Members Only | January 4, 2022 | Reading Time: 3 minutes

The United States government was caught spying on American journalists. Does anyone care?

Increasing evidence of the apparatus of the state being levied against reporters should surely lead to outcry from sensible people.

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Freedom of the press and the ability of journalists to hold governments to account is regarded as a critical pillar of democracy. In the United States, it’s supposed to be safeguarded by the First Amendment.

However, especially in recent years, the US government stands accused, maybe more than ever, of allowing increasing attacks on press freedom and the abuse of state power to trample on any notion of journalists being truly able to do their job if they wish to hold the powerful to account – and go against the government line.


This is a far cry from government powers being used to protect the borders. More apparent, though, is that government powers created under the pretext of national security might have been exploited and remain exploited for politically expedient and nefarious purposes.


There are many examples to choose from, which ought to elicit concern, while the problem also clearly transcends party politics – and, by no means, is the problem new. The starkest examples might be US treatment of Julian Assange, Chelsea Manning or Edward Snowden.

But ever since its inception following 9/11, the US Department for Homeland Security has descended into little more than a rogue agency that stands accused of spying not just on journalists but also activists and minority communities, too, leading many to demand that Congress make some kind of meaningful reform happen.

These concerns have been thrust into the spotlight amid revelations that a customs border protection unit, known as the Counter Division Network, part of Homeland Security, accessed government data created to track terrorists to essentially spy on dozens of journalists on US soil, including a Pulitzer prize-winning AP journalist.

If such transgressions of press freedom were occurring outside of the US, they might garner far greater nationwide media coverage.


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In July, US Attorney General Merrick Garland forbade prosecutors from obtaining the personal records of journalists following outcry from the news that Trump’s Justice Department had controversially seized records of members of Congress, their aides and journalists.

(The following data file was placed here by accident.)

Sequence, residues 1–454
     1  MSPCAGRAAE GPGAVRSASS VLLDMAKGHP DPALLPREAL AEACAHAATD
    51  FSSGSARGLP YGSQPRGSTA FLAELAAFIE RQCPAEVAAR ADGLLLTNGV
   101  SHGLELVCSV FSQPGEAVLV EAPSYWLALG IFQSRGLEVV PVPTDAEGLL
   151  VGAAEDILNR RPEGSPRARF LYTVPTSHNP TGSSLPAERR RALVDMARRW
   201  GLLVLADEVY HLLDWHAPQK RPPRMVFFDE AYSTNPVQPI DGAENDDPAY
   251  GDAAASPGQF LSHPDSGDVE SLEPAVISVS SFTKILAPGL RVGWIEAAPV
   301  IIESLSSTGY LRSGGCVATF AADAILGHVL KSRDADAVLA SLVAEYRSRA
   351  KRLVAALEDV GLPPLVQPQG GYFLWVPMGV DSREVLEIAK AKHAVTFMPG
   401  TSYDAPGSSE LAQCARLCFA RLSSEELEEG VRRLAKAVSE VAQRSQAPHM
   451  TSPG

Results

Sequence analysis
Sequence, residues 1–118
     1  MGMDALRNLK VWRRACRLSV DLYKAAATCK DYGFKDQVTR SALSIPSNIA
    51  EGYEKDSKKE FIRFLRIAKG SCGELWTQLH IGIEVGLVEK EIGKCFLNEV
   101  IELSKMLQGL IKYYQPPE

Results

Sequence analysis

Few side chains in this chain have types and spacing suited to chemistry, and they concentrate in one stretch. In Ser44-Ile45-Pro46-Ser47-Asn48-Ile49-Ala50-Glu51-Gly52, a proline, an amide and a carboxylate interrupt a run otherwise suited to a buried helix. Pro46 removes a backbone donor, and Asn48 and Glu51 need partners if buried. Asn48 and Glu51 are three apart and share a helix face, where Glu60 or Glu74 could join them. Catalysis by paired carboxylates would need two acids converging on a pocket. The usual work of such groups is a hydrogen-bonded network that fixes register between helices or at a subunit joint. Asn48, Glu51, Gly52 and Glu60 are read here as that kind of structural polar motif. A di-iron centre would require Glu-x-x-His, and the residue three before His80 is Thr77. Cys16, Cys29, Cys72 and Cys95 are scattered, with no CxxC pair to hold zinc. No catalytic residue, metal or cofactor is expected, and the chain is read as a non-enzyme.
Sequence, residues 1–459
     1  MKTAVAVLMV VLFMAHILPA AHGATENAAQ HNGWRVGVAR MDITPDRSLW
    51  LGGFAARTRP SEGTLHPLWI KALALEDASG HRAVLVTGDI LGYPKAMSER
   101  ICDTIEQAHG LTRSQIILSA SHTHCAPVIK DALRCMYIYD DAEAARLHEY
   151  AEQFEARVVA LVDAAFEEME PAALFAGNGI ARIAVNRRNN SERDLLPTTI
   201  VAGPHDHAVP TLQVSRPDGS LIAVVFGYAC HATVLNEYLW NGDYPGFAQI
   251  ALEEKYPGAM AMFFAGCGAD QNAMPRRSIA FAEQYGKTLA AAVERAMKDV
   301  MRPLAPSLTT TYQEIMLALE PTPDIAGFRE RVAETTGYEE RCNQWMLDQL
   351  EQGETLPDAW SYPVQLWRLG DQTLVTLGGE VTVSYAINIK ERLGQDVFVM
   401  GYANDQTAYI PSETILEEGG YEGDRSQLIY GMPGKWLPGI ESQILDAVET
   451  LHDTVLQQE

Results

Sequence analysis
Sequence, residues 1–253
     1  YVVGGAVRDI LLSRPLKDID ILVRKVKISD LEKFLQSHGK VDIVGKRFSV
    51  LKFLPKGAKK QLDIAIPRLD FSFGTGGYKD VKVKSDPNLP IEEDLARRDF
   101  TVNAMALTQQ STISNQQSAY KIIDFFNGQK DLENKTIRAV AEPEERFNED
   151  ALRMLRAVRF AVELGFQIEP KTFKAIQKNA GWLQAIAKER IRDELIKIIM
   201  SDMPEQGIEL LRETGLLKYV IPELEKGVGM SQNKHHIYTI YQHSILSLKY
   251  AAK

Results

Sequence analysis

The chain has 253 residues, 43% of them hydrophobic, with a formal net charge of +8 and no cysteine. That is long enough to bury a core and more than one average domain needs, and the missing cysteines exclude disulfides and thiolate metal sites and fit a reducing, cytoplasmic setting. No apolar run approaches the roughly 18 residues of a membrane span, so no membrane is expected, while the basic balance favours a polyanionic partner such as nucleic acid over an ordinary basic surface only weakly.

But now, alarmingly, Jeffrey Rambo, one of the federal agents said to have been conducting investigations and gathering information on journalists, has suggested to investigators that such practices were the norm, rather than any exception to the rule stating, “When a name comes across your desk you run it through every system you have access to,” he said. “That’s just status quo. That’s what everyone does.”

This is a far cry from government powers being used to protect the borders. More apparent, though, is that government powers created under the pretext of national security might have been exploited and remain exploited for politically expedient and nefarious purposes.

Similar transgressions are also believed to have taken place during Obama’s presidency. So the picture being painted suggests press freedom is not under attack from occasional abuses of federal power, but is actually under threat from endemic institutional corruption.


For many observers, DHS Secretary Alejandro Mayorkas has offered little in the way of any real sufficient explanation following demands for full transparency and accountability from the media.


For many observers, DHS Secretary Alejandro Mayorkas has offered little in the way of any real sufficient explanation following demands for full transparency and accountability from the media.

Despite possible criminal charges for Rambo and other agents accused of abusing sensitive government databases to access the private information and contact lists of journalists, the DOJ stopped short of pursuing prosecution against any of those allegedly involved.

During the Trump era, verbal attacks by the former president on journalists became the norm, and a source of national embarrassment.  Some have even said Trump’s violent rhetoric aimed at journalists may have presented a green-light for some to physically attack reporters. Indeed, physical attacks on reporters magnified during the Trump era.

But, surely, increasing evidence of the apparatus of the state being levied against journalists should lead to outcry from sensible people, irrespective of political affiliations. As the saying goes, “then they came for the journalists .. and we don’t know what happened after that.”


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For a president like Joe Biden, who campaigned by offering a radical opposite to Trump, and a fresh brand of statesmanship, he now resembles more of a lame political duck, the only difference being that the Democrats still actually have a lot of power in Congress. 

Decisive action on the issue of press freedom, and a serious push to transform and reform the operations of the Department for Homeland Security is not out of reach. But again, such a move requires political determination, and the current status quo suggests that such a miracle can only happen if ordinary decent Americans demand more from their president. There surely must exist the capacity and appetite for that – somewhere. After all, press freedom is not a left, right, blue or red issue. It’s simply about freedom, and arguably one of the most important freedoms of all. It surely must be protected at all costs.


Richard Sudan covers human rights and American foreign affairs for the Editorial Board. Based in London, his reporting has appeared in The Guardian, Independent and others. Find him @richardsudan.

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